Financial literacy is the education and understanding of knowing how money is made, spent, and saved, as well as the skills and ability to use financial resources to make decisions. It is the ability to understand and properly apply financial management skills. Effective financial planning, properly managing debt, accurately calculating interest, and understanding the time value of money are characteristics of being financially literate. Even though financial literacy is crucial to successful “adulting,” it is not normally included in the school curricula. People who have undertaken financial literacy courses seem to have the ability to make wise financial decisions. Plus, they are much more likely to successfully save money, budget wisely and invest smarter. The level of financial literacy affects quality of life significantly. It affects ability to provide for yourself and family, your attitude to money and investment, as well as your contribution to your community.
Financial literacy enables people to understand what is needed to achieve a lifestyle that is financially balanced, sustainable, ethical and responsible. It also helps entrepreneurs leverage other people’s money for a business to generate sales and profits. Empirical evidence suggests financial literacy’s positive impact on financial behaviour and financial status in a number of behavioural domains. Financially-literate individuals do better at budgeting, saving money, and controlling spending (Moore, 2003; Perry and Morris, 2005); handling mortgage and other debt (Campbell, 2006; Lusardi and Tufano, 2009); participating in financial markets (Van Rooij, Lusardi et al., 2011; Christelis, Jappelli et al., 2010; Yoong, 2010); planning for retirement (Lusardi and Mitchell, 2007a; Lusardi and Mitchell, 2008); and ultimately, successfully accumulating wealth (Stango and Zinman, 2009). It becomes clear that these skills are vitally important; yet, many individuals lack this basic knowledge and consequently are unable to meet their daily expenses.
When it comes to financial literacy there is a gender pay gap. In 2018, the highest gender pay gap in the EU was recorded in Estonia (22.7 %).The 2019 Women, Money, and Power Study, commissioned by Allianz Life Insurance Company, found that, while the past several years have put a spotlight on female empowerment, women are struggling to make progress with financial literacy. Further evidence suggests that women tend to have lower levels of financial knowledge. Women are also shown to be relatively less financially skilled than men along several dimensions. Such gaps represent fundamental problems for social equity, with several important follow-on implications. Establishing and protecting economic empowerment on an equal basis for men and women has been recognised both as a basic human right and as an issue for policymakers. Indeed, women’s empowerment is seen as a Call 2020 Round 1 KA2 – Cooperation for innovation and the exchange of good practices KA204 – Strategic Partnerships for adult education Form ID: KA204-B5DC8147 Deadline (Brussels Time) 2020-04-23 12:00:00 EN 2 / 216 “prerequisite for sustainable development, pro-poor growth and the achievement of Sustainable Development Goals. Additionally, there is a considerable gender gap in relation to the proportion of people who fall into the NEET (Not in Education, Employment, or Training) group. In 2017, about 21.5 % of women (aged 20–34) in the EU were NEETs, while the corresponding share among men was about half, at 13.0 %.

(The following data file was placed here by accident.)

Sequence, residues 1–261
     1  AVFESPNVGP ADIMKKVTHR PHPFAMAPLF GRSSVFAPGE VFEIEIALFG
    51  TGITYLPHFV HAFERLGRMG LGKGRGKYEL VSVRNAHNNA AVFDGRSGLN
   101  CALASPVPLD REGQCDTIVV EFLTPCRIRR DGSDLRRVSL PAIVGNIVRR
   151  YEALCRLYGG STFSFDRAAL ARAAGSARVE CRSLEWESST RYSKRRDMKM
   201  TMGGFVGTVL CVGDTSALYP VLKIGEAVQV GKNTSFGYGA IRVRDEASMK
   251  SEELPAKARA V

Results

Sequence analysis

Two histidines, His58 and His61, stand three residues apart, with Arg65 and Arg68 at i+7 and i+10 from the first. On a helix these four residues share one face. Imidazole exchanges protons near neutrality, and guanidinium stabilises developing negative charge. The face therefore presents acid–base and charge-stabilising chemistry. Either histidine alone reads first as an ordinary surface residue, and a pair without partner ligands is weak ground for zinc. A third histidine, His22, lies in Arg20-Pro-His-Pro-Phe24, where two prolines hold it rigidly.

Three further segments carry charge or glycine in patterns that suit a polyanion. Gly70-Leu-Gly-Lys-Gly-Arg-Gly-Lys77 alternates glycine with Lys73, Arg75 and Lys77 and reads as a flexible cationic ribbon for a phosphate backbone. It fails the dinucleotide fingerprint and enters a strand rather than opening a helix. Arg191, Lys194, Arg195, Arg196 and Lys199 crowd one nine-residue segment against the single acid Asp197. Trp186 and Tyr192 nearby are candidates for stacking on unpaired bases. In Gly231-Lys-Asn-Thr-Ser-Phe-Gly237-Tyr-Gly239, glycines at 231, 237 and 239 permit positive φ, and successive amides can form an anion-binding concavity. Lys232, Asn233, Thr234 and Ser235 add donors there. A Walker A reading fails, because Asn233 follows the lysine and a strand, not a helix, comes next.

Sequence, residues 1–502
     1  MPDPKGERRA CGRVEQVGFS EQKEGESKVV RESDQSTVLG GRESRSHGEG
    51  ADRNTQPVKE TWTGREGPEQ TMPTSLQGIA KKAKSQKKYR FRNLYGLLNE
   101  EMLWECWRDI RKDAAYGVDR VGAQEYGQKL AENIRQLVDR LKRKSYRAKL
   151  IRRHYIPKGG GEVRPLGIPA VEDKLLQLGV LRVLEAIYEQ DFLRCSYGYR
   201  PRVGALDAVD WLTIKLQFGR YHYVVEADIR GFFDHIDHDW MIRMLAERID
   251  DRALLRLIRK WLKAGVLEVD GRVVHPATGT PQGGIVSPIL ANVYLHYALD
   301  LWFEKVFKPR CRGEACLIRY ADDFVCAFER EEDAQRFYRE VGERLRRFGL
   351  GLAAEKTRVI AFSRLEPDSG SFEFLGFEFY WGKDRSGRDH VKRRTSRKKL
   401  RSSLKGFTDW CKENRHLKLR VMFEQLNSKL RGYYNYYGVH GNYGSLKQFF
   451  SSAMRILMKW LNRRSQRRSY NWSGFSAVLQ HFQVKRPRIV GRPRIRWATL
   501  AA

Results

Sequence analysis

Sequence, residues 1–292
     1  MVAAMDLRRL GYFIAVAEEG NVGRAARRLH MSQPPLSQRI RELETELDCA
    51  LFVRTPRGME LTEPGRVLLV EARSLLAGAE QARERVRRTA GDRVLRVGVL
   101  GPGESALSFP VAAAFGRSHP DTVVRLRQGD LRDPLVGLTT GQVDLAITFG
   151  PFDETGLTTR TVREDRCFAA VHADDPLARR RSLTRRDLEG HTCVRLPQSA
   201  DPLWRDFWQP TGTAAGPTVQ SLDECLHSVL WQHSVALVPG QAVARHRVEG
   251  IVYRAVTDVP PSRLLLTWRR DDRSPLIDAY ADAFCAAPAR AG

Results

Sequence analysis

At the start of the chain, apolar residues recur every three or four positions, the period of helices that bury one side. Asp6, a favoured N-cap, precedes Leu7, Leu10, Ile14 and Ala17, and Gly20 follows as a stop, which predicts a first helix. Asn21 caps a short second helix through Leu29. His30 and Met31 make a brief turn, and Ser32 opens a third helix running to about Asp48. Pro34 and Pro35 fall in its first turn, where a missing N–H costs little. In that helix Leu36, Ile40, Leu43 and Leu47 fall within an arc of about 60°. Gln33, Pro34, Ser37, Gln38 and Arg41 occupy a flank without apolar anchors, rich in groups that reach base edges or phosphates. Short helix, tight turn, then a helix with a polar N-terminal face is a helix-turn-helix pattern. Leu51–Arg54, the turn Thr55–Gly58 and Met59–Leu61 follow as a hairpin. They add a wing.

Therefore for women to achieve true empowerment, it is imperative to close the financial literacy gap.
Therefore, having as a target group NEET women, partners from Estonia, Cyprus, France, Greece, Ireland and UK propose “FinanciaLit4Women: Improving financial literacy for NEET women through game-based learning” Erasmus+ strategic partnership project with the following objectives:
•To design, test and publish an innovative training package for adult education trainers, which will guide and support them in training NEET women in financial literacy.
•To deliver training courses and train adult educators in financial literacy, to deliver these courses to a target group of NEET women, in order to amplify and perpetuate the ripple effect of those courses.